Thursday, August 28, 2008

Toxic In-Laws

My husband’s parents treat me terribly. No matter how hard I try to be nice to them, they do not reciprocate. In disagreements, they always take their son’s side. I am thinking that it would be better for me if I just kept my distance. Is this the best solution?

Being an in-law truly can feel like being an “outlaw” at times. It is rare for a spouse to really feel like the child of the other one’s parents. You are wise to notice that what you are doing currently is not working in the way that you want it to and you want to find a way to do something differently.

Here are some things to think about :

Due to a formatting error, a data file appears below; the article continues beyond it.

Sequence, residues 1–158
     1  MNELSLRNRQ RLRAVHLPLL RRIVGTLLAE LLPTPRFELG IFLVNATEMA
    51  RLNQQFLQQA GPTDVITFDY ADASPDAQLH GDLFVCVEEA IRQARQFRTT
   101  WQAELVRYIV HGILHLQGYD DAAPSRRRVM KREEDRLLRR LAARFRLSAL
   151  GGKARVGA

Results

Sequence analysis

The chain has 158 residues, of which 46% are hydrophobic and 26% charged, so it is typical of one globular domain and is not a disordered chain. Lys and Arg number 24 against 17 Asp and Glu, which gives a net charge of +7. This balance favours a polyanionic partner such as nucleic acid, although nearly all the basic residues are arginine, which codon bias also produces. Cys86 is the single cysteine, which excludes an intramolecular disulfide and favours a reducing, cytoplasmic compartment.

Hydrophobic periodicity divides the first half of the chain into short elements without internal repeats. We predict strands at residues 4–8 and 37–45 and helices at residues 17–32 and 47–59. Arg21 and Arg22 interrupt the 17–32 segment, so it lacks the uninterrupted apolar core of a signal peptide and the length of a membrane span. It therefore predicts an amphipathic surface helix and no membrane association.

Set realistic expectations. Don’t think that they will automatically like you. You “took” their child away and now they have to accept someone new, not necessarily of their choosing, into the family. While there are some parents who find it easy to incorporate new members into the family, others find it an intrusion and have a great deal of difficulty shifting relationships, rituals and connection with their own child.

Find ways to befriend them like inviting them to dinner, picking up something small when you are shopping for yourself and your own family, calling occasionally just to say “hello”. Allow the friendship time to develop slowly.

Try to think of some of the things that you do like about them and find ways to call that to their attention. Be as positive as you can around them in your words and your actions and find ways to notice the good things that they do.